AstroPT has been trained on visual tokens. The idea is to teach the AI to predict the next token. The more thoroughly it’s been trained to do that, the better it will perform.

“We demonstrated that simple generative autoregressive models can learn scientifically useful information when pre-trained on the surrogate task of predicting the next 16 × 16 pixel patch in a sequence of galaxy image patches,” the authors write. In this scheme, each image patch is a token.

Astronomy generates mountains of data—that's perfect for AI
This image illustrates how the authors trained AstroPT to predict the next token in a ‘spiralized’ sequence of galaxy image patches. It shows the token feed order. “As the galaxies are in the center of each postage stamp, this set up allows us to seamlessly pretrain and run inference on differently sized galaxy postage stamps,” the authors explain. Credit: Smith et al, 2024

One of the obstacles to training AI like AstroPT concerns what AI scientists call the “token crisis.” To be effective, AI needs to be trained on a large number of quality tokens. In a 2023 paper, a separate team of researchers explained that a lack of tokens can limit the effectiveness of some AI, such as LLMs or Large Language Models. “State-of-the-art LLMs require vast amounts of internet-scale text data for pre-training,” they wrote. “Unfortunately, … the growth rate of high-quality text data on the internet is much slower than the growth rate of data required by LLMs.”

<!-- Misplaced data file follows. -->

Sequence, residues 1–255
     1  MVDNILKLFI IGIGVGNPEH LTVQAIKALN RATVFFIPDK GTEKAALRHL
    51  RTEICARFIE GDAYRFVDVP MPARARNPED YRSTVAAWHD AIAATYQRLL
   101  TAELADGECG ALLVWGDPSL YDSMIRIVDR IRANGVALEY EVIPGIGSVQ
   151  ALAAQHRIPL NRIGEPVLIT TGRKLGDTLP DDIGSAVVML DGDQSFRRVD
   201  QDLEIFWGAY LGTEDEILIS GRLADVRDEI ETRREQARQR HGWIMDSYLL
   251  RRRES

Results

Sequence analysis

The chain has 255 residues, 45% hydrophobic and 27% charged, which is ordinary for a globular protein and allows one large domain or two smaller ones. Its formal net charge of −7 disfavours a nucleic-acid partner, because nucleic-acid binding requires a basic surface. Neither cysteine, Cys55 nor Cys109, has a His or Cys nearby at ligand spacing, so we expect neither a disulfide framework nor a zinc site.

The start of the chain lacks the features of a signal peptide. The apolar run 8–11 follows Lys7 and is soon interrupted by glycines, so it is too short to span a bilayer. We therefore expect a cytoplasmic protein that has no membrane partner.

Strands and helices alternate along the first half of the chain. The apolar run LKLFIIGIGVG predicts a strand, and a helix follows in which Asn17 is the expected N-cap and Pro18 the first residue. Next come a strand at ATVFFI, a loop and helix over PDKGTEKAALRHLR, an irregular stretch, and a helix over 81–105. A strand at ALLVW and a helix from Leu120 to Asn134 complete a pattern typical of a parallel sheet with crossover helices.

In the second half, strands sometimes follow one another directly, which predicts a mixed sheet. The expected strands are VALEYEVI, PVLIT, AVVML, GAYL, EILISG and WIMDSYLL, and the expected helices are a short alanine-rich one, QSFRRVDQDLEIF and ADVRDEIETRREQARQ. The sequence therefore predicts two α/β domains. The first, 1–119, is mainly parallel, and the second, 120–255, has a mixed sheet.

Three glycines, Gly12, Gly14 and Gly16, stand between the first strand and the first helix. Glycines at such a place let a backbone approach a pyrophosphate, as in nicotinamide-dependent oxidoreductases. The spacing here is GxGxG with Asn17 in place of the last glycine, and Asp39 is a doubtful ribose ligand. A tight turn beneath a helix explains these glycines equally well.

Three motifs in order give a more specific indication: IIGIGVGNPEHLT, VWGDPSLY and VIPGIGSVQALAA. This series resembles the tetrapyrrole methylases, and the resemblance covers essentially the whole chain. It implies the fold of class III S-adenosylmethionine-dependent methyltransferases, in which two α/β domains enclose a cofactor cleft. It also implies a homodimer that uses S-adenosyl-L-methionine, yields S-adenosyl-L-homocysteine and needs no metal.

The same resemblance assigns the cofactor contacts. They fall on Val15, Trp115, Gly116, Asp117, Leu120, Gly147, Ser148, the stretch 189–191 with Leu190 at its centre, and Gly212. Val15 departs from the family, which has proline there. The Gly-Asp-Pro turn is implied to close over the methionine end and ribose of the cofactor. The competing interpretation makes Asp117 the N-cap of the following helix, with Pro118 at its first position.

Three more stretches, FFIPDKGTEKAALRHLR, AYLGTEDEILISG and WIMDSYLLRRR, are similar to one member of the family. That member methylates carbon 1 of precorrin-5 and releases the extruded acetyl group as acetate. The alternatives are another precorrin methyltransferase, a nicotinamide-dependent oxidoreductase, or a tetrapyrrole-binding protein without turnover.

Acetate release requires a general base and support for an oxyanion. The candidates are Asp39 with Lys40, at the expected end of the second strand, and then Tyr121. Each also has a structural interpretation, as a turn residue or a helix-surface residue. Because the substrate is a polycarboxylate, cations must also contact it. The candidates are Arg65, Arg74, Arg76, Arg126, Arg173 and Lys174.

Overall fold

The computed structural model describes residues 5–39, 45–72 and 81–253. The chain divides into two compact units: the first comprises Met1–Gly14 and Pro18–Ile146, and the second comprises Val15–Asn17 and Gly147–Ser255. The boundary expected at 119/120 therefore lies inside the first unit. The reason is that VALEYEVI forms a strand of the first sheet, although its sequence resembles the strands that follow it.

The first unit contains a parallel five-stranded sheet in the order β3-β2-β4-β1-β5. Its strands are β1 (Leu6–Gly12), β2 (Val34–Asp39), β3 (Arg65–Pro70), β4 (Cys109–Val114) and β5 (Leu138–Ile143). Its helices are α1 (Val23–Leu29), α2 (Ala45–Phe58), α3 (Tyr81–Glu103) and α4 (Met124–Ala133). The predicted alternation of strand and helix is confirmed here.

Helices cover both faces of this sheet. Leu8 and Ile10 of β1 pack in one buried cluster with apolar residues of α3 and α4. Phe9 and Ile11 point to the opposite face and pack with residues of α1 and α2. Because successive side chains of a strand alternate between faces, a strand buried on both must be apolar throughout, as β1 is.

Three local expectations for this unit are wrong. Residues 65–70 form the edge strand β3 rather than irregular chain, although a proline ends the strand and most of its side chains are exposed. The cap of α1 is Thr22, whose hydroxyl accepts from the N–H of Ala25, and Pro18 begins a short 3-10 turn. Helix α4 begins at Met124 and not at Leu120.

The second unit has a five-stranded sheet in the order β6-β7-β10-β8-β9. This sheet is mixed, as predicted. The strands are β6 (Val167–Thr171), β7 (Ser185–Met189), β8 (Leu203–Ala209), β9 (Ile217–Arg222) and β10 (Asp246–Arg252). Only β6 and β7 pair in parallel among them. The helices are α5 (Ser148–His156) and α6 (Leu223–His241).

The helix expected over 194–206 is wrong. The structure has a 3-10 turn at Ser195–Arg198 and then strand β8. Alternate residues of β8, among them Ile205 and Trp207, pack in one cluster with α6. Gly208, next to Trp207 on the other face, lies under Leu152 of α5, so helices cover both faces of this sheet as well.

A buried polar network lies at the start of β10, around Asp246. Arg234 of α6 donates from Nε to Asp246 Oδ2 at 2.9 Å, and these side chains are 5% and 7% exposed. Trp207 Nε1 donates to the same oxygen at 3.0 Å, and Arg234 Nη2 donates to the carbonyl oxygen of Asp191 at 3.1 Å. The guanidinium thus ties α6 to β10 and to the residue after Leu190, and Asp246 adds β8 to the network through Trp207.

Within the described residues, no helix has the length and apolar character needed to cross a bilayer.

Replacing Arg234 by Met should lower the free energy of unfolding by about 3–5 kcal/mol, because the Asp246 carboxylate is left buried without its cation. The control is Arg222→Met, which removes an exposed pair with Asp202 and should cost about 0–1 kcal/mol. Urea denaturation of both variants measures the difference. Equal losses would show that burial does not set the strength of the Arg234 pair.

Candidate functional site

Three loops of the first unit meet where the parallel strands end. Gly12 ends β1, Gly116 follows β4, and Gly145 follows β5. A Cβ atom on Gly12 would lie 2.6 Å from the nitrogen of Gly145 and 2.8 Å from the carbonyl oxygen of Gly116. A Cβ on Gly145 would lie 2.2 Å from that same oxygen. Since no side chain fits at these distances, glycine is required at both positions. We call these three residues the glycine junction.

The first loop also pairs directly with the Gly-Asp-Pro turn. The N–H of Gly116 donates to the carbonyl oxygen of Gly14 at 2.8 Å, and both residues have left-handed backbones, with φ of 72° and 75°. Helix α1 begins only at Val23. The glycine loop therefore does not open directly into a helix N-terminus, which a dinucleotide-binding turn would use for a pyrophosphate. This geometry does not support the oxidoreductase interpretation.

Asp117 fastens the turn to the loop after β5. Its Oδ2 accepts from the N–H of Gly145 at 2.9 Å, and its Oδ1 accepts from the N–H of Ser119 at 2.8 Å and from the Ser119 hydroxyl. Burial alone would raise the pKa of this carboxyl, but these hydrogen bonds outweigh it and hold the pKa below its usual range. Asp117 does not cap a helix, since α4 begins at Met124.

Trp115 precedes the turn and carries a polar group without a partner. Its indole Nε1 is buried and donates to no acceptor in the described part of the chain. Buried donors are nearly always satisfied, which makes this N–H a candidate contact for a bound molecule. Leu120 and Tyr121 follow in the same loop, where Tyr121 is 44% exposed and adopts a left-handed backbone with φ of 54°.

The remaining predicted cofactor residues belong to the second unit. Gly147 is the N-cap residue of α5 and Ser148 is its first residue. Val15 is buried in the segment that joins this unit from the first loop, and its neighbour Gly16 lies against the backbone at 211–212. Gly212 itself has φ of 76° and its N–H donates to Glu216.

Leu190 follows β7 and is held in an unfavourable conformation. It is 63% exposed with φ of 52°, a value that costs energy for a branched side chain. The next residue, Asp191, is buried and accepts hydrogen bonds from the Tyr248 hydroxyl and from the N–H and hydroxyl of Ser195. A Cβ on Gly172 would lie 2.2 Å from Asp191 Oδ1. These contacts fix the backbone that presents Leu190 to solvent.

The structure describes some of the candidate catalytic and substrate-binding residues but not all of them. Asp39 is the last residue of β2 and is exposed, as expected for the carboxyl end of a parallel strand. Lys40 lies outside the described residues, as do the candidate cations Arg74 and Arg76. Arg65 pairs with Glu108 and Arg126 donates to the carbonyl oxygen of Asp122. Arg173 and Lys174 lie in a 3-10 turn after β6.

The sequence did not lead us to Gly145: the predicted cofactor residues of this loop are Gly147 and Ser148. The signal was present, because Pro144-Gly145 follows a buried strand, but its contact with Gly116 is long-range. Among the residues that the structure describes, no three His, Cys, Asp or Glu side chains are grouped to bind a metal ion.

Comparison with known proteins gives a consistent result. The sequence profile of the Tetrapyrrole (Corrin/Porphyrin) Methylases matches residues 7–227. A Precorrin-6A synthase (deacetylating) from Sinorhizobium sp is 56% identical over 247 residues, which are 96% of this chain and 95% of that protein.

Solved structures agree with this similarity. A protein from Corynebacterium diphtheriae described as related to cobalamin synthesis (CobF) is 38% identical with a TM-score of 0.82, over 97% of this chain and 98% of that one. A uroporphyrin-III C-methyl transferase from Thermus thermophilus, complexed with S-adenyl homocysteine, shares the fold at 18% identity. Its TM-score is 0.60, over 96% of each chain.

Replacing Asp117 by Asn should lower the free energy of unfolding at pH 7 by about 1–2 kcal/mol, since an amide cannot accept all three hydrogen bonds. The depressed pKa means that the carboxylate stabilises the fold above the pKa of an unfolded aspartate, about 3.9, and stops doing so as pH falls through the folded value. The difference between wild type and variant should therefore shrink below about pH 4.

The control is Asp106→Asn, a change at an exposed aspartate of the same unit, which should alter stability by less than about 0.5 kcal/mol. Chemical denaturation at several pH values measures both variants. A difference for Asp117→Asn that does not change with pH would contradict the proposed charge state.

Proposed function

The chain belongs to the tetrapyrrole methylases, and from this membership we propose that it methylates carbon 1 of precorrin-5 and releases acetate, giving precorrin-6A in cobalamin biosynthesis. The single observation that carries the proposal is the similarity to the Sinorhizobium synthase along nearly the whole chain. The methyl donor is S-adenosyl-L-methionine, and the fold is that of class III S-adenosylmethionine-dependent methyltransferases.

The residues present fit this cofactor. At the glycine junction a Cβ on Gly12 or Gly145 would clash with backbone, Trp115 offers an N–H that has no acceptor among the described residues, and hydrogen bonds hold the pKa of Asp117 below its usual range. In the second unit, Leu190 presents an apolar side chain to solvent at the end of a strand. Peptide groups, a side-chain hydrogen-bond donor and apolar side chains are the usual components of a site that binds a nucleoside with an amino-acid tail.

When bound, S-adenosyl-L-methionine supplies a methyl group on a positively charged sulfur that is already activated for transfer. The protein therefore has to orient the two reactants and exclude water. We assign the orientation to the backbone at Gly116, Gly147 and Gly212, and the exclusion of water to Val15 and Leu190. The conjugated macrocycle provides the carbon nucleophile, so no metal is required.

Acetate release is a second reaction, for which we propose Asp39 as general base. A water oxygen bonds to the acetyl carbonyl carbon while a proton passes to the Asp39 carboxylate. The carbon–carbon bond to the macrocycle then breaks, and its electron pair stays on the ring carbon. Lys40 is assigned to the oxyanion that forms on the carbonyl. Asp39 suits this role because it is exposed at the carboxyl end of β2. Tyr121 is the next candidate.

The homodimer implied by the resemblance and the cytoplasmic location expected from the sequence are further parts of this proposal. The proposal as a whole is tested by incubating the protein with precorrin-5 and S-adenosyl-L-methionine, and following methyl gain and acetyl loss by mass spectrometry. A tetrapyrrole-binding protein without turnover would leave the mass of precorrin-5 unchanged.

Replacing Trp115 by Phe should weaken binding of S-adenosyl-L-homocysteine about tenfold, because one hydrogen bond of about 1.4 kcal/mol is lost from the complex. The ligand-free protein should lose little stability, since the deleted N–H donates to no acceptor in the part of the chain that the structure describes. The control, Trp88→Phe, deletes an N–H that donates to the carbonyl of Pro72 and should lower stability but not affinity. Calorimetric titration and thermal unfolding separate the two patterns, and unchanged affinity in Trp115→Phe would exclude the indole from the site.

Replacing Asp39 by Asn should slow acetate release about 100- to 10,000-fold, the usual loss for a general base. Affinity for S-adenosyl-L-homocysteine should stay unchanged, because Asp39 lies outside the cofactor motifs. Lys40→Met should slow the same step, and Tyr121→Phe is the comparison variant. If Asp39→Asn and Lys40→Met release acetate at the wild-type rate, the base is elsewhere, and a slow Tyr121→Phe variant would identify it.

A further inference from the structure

AstroPT faces the same problem: a dearth of quality tokens to train on. Like other AI, it uses LOMs or Large Observation Models. The team says their results so far suggest that AstroPT can solve the token crisis by using data from observations. “This is a promising result that suggests that data taken from the observational sciences would complement data from other domains when used to pre-train a single multimodal LOM, and so points towards the use of observational data as one solution to the ‘token crisis.'”

AI developers are eager to find solutions to the token crisis and other AI challenges.

Without better AI, a data processing bottleneck will prevent astronomers and astrophysicists from making discoveries from the vast quantities of data that will soon arrive. Can AstroPT help?

The authors are hoping that it can, but it needs much more development. They say they’re open to collaborating with others to strengthen AstroPT. To aid that, they followed “current leading community models” as closely as possible. They call it an “open to all project.”

“We took these decisions in the belief that collaborative community development paves the fastest route towards realizing an open source web-scale large observation model,” they write.

“We warmly invite potential collaborators to join us,” they conclude.

It’ll be interesting to see how AI developers will keep up with the vast amount of astronomical data coming our way.

More information:
Michael J. Smith et al, AstroPT: Scaling Large Observation Models for Astronomy, arXiv (2024). DOI: 10.48550/arxiv.2405.14930

Journal information:
arXiv


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Astronomy generates mountains of data—that’s perfect for AI (2024, May 30)